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Posted January 3, 2013 | Leave a comment
Shenandoah County offered 300 acres for park
Board of Supervisors has until April 3 to decide whether to accept land giftBy Alex Bridges
WOODSTOCK - Shenandoah County could add nearly 300 acres to its cache of parkland through a gift from the late Zula Marie Wagner.
But the Board of Supervisors has a limited time to decide whether to accept the land gift.
Parks and Recreation Director Pam Sheets gave a presentation on the proposed Mack and Zula Wagner Regional Park developed by the advisory commission and staff to the Board of Supervisors at a work session Thursday.
Zula Wagner, who died April 4, 2012, stated in her will that she wanted to give five parcels covering 297.6 acres to the county. A 1.37-acre parcel owned by Zula Wagner's sister, Iva Funkhouser, also would join the park area once she dies, according to Sheets. The total park area would span 298.98 acres.
The advisory panel has recommended the county accept the donation and notify the Zula Wagner estate by April 3. Then the county would develop the park in phases, according to the panel.
Wagner family friend Eddie Dean spoke to the board in support of the effort. But Dean acknowledged the gift comes at a bad time for the county economically because of the financial requirements involved should the locality accept the land and have to keep up the property as a park.
Should the county not accept the property, Dean expressed fear that the land would remain open to development.
Supervisors asked questions about access to the property, such as tree coverage, any public hunting allowed, the quality of the ponds on the land.
"You could put in a phenomenal lake," Dean said, noting that most ponds don't go dry.
Dean told the board the property still contains several old buildings, including a log springhouse. Funkhouser still lives in a home on the property, Dean said.
Supervisor David Ferguson asked if the county would violate the will if it failed to begin development of the property as a park within 10 years of receipt.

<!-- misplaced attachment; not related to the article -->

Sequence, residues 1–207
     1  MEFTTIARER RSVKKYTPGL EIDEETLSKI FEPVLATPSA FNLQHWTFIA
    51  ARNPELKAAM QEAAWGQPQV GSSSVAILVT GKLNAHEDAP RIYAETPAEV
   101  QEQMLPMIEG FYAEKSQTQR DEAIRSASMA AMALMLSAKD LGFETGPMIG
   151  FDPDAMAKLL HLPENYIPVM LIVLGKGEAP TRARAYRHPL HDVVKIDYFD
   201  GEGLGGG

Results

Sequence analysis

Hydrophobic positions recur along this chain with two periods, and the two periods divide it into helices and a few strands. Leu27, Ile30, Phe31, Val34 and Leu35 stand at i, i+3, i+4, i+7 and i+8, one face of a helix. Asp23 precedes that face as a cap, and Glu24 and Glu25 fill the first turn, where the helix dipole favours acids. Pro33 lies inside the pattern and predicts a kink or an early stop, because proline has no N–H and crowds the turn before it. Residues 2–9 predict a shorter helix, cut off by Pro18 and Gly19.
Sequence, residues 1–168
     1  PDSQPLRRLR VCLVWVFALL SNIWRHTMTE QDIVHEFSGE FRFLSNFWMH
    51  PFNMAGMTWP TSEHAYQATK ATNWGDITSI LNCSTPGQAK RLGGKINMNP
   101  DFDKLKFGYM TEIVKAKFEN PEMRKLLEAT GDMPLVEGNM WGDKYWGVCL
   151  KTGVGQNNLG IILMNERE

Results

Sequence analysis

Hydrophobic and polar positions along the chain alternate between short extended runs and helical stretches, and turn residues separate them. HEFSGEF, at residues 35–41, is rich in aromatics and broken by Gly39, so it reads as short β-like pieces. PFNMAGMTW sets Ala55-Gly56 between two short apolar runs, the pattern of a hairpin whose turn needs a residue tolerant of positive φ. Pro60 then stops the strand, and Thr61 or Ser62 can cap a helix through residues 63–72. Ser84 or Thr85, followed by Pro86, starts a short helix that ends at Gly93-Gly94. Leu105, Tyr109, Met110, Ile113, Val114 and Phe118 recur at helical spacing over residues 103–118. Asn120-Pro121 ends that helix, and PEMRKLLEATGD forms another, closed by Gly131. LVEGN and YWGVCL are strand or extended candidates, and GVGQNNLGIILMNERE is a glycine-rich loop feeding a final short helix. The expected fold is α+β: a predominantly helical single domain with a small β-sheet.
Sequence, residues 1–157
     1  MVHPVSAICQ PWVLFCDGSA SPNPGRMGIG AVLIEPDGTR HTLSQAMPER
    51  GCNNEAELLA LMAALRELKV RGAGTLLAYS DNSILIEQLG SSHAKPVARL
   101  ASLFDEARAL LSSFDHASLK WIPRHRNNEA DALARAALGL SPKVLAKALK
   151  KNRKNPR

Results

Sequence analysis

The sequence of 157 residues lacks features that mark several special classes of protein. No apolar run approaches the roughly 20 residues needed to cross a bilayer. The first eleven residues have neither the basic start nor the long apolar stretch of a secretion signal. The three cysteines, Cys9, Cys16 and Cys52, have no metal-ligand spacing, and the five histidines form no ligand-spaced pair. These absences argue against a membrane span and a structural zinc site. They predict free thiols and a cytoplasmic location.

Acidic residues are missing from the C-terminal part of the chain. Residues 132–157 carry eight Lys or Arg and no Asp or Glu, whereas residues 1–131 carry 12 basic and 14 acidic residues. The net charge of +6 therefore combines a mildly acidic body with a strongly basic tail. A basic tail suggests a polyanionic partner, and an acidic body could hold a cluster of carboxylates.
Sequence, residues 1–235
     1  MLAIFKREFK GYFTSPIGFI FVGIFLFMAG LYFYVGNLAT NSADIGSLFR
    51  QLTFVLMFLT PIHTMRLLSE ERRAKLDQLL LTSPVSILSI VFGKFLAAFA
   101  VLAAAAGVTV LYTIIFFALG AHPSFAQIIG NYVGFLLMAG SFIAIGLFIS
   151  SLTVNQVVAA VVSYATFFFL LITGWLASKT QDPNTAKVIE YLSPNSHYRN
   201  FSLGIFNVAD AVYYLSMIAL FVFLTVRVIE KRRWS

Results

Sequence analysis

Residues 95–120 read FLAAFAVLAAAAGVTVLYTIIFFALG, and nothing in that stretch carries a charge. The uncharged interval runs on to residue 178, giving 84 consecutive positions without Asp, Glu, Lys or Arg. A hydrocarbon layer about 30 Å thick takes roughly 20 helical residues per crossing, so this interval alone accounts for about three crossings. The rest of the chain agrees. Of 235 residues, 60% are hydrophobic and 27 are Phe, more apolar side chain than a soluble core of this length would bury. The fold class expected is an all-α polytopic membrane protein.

"You have to do something with the property," said County Attorney J. Jay Litten. "You can't let the property just sit there, but you don't have to do much."
A locality lost donated land when it failed to spend any money on the gifted property, Litten advised. But Shenandoah County could follow the rules of the will by spending some but not much money to maintain the parkland.
Sheets told the board the county would need to do some assessment of the property early on in the development process.
Supervisor Sharon Baroncelli sits on the advisory board.
"It's a wonderful gift," Baroncelli said, but warned that the county shouldn't set a precedent by not accepting such a donation.
"There's more pros than cons," Baroncelli added.
Sheets said she would prefer to see the county create a master plan for the property, if accepted, rather than have trails or other amenities created and then relocated after only a short time.
Chairman Conrad Helsley suggested the board take action well before the deadline. But supervisors and officials noted questions remain about the legal ramifications of the gift and the will.
Advisory panel member Larry Smith told the board such a donation of this size remains rare. The county could develop the area as a regional park, defined by the state as 100-500 acres, within certain distances from population centers. Such development likely would span 10 to 30 years as the county grows, Smith explained. The regional park could draw users from in and around the county.
Smith highlighted a long list of potential development partners for the project.
Wagner's will gives the county until April 3, 2013 to accept the land donation.
The will states that "the property, or any part thereof, must never be transferred, sold, exchanged or encumbered by the County." The county also must provide funding to maintain the park, according to the will. Failure by the county to abide the wishes stated in the will would cause the property to revert to any residual beneficiaries of the decedent.
As parks officials noted, acceptance of the gift would achieve some goals of the county's 2025 Comprehensive Plan, including the protection of its natural resources, ensuring the locality's rural and open character.
Contact staff writer Alex Bridges at 540-465-5137 ext. 125, or firstname.lastname@example.org
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